Loft insulation: methods & price
Loft insulation is the most profitable way to save energy. Heat rises, as a result of which no less than 25% of the energy escapes through the roof. In this article, you can discover the working methods and costs of loft insulation.
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Insulate roof or attic floor?
When you want to insulate the upper part of your house, you can insulate both the roof and the floor of the attic. If the loft is merely used as a storage room, you would be well advised to insulate the floor. Do you want to use this space as a living area? Needless to say, you should insulate the roof in that case. Obviously, it is perfectly possible as well to insulate both the roof and the attic floor. An overview of loft insulation possibilities and procedures:
Possibility 1: Insulate attic floor
Insulating the loft floor is the most appropriate option in order to reduce heating costs. The warmth from the living rooms will no longer rise to the loft, so you won’t have to heat the house as much anymore. As far as costs are concerned: floor insulation is more advantageous as well.
The way loft floor insulation is applied, largely depends on the construction of the floor. A supporting structure made of solid concrete requires another work method than a support structure that consists of wooden rafters:
Insulate loft with wooden support structure
Is the floor not made of solid concrete? In that case, the insulation can be put in place by filling the spaces between the floor beams with insulation material. Semi-hard or soft insulation boards made of mineral wool are perfectly suited for this end. It is best to use insulation packages with a thickness of 6 to 9 inches: these have the best ratio when it comes to costs versus savings.
As with roof insulation, you must always use a vapour barrier. This has to be attached onto the bottom of the support structure, towards the warm side. It is also possible to buy loft insulation boards that are already equipped with a vapour barrier.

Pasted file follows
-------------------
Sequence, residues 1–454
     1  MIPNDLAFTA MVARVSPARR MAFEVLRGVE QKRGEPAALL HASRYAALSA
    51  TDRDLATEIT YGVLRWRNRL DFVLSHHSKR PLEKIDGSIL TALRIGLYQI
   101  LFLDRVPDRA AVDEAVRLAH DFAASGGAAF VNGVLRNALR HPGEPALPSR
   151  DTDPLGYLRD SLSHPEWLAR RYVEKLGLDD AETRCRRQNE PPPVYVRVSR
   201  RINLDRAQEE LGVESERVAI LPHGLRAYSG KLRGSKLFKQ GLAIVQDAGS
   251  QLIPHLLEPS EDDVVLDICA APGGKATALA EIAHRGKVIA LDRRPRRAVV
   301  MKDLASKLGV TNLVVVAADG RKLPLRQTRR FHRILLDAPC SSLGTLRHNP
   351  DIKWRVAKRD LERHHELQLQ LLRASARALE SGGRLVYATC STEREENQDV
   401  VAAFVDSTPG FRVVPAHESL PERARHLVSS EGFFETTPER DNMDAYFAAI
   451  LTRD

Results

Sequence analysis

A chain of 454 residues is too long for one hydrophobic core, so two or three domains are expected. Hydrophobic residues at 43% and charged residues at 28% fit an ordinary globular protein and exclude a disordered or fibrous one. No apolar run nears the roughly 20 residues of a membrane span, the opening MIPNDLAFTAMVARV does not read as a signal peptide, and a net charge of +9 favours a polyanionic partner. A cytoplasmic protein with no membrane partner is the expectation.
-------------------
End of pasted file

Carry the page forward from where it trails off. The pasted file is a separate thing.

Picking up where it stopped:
Apart from mineral wool, the spaces in the floor can also be filled with mineral wool or polyurethane foam. How the floor should further be finished, depends on whether the floor needs to be walkable. As many lofts are not designed to be walked on, one often chooses cheap wooden panels like fibreboards or OSB (Oriented Strand Board).
Insulate loft with solid support structure
If the floor is solid, one will obviously have to apply the loft insulation material on top of it. First of all, an installer will attach a damp-proof foil onto the existing floor.
This may lie loosely, but the joints should always stick well. The same goes for the edges of the foil near the walls. Afterwards, pressure-resistant insulation boards can be installed on top of the foil. These should be placed in two alternating layers (with a total thickness of 8 inches).
If you prefer not to use hard insulation boards, it is also possible to insulate with mineral wool. However, a wooden framework needs to be made then in order for the insulation material to fit between the wooden bars. It goes without saying that the costs will be slightly higher when you choose this option.
Possibility 2: Insulate roof from the inside
Another possibility is to insulate the loft via the roof; by insulating the roof you will experience a pleasant living climate. Moreover, the loft will be less vulnerable to temperature differences. The easiest way to insulate a pitched roof is to use mineral wool.
In case of insulating the roof with glass wool or rock wool, one entirely fills the spaces between the rafters with insulation material. The material needs to be thick enough, so it is advised to consequently maintain layers of 6 to 8 inches. Otherwise, the loft insulation won’t be effective enough.